Just Write

Just Write

Yesterday, wordpress released version 3.2 which brought with it some welcome changes such as a cleaner dashboard menu and a new ‘twenty eleven‘ html 5 theme.

WordPress 3.2 (Gershwin)

As a long time user of wordpress, the most valuable addition for me in 3.2 (aka Gershwin), has been the ‘zen’ writing mode. This allows me to switch in to a full screen,┬ádistraction-free writing environment. It’s a thing of beauty and whilst this isn’t ‘new’ to me (i’d previously used a plugin to do the same thing), the fact it now comes bundled in with wordpress means i can use one less resource hogging plugin ­čÖé

Just Write.

Any change which speeds up the writing process or encourages┬áme to write more, is welcomed. Even as i write these sentences in full screen zen mode, my words and sentences seem more naked and exposed… so that makes me read over them more and catch mistakes or think harder about how to word something. Maybe it’s because this full screen zen mode is a novelty feature, maybe it’s because literally all i can see on the screen is the text i’m after writing…

More important than ever before

Writing to me now is more important than ever before. It helps me to get things done, explain them to others and it also allows me to record and remember stuff in great detail. It’s security and insurance. Much like design, there’s good versions and bad versions but every bit of writing is unique. Bad versions frustrate the hell out of me… there’s nothing more frustrating than reading something which you start correcting in your head. Grammar nazi i am not, but if words or┬ásentences, start not flowing proper then i get frustrated. Alan Sugar on the Apprentice is a guy that gets away with grammatical murder. ‘We wuz’, ‘you wus’…. he’d be hammered at school for talking like that, but he’s Alan Sugar so it goes unchallenged.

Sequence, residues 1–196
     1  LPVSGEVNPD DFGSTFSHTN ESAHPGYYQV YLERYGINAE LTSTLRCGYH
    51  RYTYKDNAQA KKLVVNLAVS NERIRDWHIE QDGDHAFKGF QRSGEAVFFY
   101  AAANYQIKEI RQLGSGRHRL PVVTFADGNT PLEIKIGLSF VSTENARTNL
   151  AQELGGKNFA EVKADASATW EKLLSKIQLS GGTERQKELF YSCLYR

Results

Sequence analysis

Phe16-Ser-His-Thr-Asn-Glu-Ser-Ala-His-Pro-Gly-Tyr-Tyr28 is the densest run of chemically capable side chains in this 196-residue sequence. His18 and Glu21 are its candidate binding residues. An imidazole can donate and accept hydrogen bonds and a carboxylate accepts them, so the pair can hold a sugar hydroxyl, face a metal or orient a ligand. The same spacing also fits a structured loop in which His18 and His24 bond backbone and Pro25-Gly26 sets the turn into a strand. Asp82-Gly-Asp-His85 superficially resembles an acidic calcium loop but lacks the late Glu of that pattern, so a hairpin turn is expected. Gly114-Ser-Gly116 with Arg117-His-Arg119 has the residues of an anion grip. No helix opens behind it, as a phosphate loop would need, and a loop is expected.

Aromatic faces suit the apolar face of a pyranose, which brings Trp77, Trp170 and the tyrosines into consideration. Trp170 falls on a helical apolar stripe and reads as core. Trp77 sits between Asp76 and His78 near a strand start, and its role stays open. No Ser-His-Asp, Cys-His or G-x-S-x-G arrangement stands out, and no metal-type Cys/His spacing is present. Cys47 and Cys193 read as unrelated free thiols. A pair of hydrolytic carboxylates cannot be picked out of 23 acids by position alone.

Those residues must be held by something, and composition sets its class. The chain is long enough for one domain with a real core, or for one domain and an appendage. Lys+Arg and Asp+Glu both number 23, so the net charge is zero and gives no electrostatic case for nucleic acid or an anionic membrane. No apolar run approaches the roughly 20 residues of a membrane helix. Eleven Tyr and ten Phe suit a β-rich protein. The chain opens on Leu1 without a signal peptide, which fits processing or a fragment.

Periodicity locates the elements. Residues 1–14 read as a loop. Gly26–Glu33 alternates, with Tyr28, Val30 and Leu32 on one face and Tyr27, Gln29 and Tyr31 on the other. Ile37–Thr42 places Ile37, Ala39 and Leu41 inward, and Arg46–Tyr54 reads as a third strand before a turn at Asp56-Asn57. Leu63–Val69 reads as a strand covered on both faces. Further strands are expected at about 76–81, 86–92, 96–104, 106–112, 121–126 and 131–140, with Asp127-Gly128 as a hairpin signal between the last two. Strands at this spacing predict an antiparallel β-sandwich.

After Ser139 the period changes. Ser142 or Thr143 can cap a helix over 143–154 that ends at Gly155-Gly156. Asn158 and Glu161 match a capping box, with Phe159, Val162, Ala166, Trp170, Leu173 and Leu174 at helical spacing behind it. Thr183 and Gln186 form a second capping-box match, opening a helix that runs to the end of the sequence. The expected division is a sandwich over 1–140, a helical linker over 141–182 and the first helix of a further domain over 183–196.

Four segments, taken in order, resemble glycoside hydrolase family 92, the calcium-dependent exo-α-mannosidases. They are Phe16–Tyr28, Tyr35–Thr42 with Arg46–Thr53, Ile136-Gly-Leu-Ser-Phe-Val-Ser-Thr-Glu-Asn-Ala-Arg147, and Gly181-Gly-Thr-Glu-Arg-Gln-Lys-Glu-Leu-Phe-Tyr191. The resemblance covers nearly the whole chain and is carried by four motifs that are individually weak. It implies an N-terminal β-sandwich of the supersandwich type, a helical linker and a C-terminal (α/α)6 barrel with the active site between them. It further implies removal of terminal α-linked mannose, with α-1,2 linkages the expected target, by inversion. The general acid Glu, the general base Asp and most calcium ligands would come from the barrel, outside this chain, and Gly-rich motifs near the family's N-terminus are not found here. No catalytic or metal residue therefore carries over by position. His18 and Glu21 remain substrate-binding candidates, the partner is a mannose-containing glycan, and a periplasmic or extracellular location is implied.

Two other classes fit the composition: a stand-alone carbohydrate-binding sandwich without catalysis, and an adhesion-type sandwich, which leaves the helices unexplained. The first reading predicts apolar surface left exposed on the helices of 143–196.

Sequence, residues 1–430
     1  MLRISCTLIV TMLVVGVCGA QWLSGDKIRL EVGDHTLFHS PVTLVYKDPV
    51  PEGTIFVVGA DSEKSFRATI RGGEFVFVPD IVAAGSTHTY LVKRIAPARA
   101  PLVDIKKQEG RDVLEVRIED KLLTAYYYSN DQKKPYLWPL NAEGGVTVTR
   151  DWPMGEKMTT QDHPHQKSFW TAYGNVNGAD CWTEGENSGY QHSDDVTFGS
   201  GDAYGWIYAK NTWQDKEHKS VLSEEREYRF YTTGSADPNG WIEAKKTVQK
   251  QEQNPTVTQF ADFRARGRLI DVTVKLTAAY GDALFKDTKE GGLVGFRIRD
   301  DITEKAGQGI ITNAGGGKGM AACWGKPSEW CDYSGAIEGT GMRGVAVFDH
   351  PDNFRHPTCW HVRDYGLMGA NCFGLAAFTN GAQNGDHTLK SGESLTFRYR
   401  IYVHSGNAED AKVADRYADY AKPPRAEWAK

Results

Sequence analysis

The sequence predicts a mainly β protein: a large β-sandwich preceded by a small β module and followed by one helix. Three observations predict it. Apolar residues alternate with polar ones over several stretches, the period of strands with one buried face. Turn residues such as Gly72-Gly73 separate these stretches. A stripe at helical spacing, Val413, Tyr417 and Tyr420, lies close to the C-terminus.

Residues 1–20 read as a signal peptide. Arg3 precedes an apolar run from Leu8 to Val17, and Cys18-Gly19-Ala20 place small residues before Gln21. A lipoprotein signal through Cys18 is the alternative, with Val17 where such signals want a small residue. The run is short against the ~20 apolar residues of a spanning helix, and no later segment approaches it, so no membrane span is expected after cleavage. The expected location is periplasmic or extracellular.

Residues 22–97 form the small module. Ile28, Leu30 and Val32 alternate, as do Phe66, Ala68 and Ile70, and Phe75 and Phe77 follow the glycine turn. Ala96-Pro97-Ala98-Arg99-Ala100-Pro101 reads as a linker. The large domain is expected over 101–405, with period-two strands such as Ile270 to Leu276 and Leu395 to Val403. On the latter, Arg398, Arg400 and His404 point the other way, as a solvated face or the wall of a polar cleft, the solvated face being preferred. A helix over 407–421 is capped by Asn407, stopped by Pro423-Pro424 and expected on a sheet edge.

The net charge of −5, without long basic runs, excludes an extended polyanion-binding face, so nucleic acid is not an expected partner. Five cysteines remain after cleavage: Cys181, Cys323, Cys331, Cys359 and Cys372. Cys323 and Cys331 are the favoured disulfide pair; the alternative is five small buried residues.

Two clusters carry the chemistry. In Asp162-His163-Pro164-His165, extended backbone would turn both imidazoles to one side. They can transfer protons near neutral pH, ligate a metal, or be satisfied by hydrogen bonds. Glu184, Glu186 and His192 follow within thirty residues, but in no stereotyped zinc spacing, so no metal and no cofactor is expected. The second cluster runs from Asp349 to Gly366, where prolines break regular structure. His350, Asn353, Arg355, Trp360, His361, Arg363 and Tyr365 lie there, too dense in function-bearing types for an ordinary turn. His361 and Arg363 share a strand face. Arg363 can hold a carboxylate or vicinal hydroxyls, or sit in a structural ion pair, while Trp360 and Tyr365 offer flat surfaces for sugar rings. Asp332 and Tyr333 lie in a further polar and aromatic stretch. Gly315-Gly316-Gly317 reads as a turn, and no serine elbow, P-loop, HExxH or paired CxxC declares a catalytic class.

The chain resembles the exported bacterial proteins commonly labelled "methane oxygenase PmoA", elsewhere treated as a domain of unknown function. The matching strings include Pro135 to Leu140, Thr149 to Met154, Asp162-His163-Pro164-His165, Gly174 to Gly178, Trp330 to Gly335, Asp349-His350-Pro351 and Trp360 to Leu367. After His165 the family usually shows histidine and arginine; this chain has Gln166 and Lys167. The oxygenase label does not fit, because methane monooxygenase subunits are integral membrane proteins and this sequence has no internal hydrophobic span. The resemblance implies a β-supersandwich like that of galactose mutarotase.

With regretCreative Commons License photo credit: 28 misguided souls (away)

I don’t know what his writing is like, but he can talk well so he’s an example of how (imo) we’ve come to accept imperfection in writing / grammar because his message is more important. Look at all of my i’s…. i deliberately leave them lowercase just because i feel like it. Does it disrupt your reading any? Well it doesn’t disrupt mine… the reason i leave them lowercase is in fact to speed up reading…

I find that capital I and lowercase l are too similar in digital format, so i decided a long time ago to scrap the capital I unless i was starting a sentence with it. Am i the only one that does that? I don’t know, but nobody has ever commented on it, whereas they have with grammatical errors or the odd misfortunate spelling error.

The bottom line is doesn’t matter how you write, so long as it all flows. It’s a bit like driving… you could break dozens of rules of the road by keeping your car flowing, but you’d keep other drivers happier plus you may be causing no danger at all… smarter to stick within rules? Your call, but i know that if someone stood over me corrected my i’s and analysing every sentence, i wouldn’t be long about easing up on these daily blog posts ­čÖé

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